Keep the Memories, Lose the Stuff: Declutter, Downsize, and Move Forward with Your Life

Keep the Memories, Lose the Stuff: Declutter, Downsize, and Move Forward with Your Life

Keep the Memories, Lose the Stuff: Declutter, Downsize, and Move Forward with Your Life

Keep the Memories, Lose the Stuff: Declutter, Downsize, and Move Forward with Your Life


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America’s top cleaning expert and star of the hit series Legacy List with Matt Paxton distills his fail-proof approach to decluttering and downsizing.

Your boxes of photos, family’s china, and even the kids' height charts aren’t just stuff; they’re attached to a lifetime of memories—and letting them go can be scary. With empathy, expertise, and humor, Keep the Memories, Lose the Stuff, written in collaboration with AARP, helps you sift through years of clutter, let go of what no longer serves you, and identify the items worth keeping so that you can focus on living in the present.
For over 20 years, Matt Paxton has helped people from all walks of life who want to live more simply declutter and downsize. As a featured cleaner on Hoarders and host of the Emmy-nominated Legacy List with Matt Paxton on PBS, he has identified the psychological roadblocks that most organizational experts routinely miss but that prevent so many of us from lightening our material load. Using poignant stories from the thousands of individuals and families he has worked with, Paxton brings his signature insight to a necessary task. 
Whether you’re tired of living with clutter, making space for a loved one, or moving to a smaller home or retirement community, this book is for you. Paxton’s unique, step-by-step process gives you the tools you need to get the job done.

Product Details

ISBN-13: 9780593418970
Publisher: Penguin Publishing Group
Publication date: 02/08/2022
Pages: 320
Sales rank: 34,146
Product dimensions: 5.40(w) x 7.20(h) x 1.00(d)

About the Author

About The Author
Matt Paxton is one of the top cleaning, downsizing, decluttering, and hoarding experts in the country. He now hosts the Emmy-nominated PBS show Legacy List With Matt Paxton, after having been featured on A&E's Hoarders for 12 years. He appears regularly as a public speaker, television guest on shows and radio personality helping families find the upside of downsizing. He lives in Atlanta, GA with his family.

Read an Excerpt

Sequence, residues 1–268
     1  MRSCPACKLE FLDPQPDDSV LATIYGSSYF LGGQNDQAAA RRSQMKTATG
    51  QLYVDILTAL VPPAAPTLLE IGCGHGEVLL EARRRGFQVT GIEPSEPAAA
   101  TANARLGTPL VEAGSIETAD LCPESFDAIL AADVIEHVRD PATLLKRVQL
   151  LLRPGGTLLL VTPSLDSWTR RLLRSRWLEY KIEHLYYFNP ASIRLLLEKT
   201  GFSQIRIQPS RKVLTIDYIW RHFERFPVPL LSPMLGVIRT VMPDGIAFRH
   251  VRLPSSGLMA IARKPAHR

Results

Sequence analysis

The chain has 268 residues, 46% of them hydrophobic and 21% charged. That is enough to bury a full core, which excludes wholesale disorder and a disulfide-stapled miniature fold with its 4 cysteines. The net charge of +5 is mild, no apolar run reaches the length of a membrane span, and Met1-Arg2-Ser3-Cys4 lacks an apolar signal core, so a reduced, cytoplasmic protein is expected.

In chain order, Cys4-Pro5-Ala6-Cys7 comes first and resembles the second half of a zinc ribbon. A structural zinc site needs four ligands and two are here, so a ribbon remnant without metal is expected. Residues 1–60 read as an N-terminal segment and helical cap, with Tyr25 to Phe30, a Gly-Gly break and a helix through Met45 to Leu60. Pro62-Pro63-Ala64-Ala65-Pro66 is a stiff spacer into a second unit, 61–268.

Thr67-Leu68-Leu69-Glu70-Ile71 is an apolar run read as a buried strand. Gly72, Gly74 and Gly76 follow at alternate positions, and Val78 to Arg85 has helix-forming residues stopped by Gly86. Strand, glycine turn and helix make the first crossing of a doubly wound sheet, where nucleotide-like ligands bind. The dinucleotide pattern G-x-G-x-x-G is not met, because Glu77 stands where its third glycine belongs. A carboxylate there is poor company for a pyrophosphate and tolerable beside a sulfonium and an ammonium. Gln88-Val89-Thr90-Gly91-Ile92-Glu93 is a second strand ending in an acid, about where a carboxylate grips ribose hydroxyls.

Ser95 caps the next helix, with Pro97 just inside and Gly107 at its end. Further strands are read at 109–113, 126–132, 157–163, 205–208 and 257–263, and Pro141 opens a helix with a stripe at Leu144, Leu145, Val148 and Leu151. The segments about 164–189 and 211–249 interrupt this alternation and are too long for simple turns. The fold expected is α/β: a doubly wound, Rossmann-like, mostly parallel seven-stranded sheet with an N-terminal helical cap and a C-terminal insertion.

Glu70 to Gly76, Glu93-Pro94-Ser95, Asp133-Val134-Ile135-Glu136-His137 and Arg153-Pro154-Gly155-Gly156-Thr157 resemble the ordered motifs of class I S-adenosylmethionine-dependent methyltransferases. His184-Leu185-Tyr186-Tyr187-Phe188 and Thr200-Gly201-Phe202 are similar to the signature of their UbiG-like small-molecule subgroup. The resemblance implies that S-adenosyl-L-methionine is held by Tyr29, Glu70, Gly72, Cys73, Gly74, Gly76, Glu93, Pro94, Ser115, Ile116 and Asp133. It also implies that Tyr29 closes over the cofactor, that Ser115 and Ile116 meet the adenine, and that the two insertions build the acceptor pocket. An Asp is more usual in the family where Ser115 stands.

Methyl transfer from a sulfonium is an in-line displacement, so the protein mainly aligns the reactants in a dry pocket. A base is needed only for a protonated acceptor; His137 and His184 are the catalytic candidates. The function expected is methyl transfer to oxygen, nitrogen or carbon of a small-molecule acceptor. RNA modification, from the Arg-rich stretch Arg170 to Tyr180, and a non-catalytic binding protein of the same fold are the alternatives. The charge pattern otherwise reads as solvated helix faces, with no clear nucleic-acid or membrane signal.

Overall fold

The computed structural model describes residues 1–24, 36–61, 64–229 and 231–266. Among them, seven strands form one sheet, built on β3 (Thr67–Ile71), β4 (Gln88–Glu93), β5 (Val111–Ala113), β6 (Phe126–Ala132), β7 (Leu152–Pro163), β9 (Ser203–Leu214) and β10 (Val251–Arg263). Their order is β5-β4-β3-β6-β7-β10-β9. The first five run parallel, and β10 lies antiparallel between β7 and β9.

Step One


Uncover the Stories Behind the Stuff


Did cleaning out Dad's space spark an epiphany that decluttering is my lifelong purpose? Not at all. I was just happy to put off my job search for a few months while I figured things out. I still had no idea how I was going to earn a living. My father, my hero, was gone, and I was lost and wandering-and the only thing worse than being lost in life is being lost in life and broke.


I had one thing going for me, though: a community. People knew my grandfather, they knew my father, and now they knew me. I had my people. The upside of a tightly knit community is that people look out for you when you're down on your luck. The downside is that everyone knows the details of your life. Both realities played into what happened next.


Word got around that I had cleared out my dad's house and that I was looking for work. At church one Sunday, a kindly eighty-year-old woman-we'll call her Etta-came over to me. I'd known her my entire life-she and her loving squad of bridge players, with their immaculate, blue-tinted white hair. No matter what was going on in their lives, these women got their hair done at the beauty parlor every other Thursday afternoon.


Etta told me she'd heard I was looking for some ways to make money and offered to help me out. She lived in an old colonial house like my father's, and her friends were encouraging her to downsize now that her beloved husband, Jim, had died. She was years away from going into senior living, she hastened to inform me. But she figured I could use some extra money. She asked if I could do some work for her.


I quickly agreed, happy to help her out and earn some cash. A few days later, I arrived at her home ready to clear out what I assumed were a few boxes.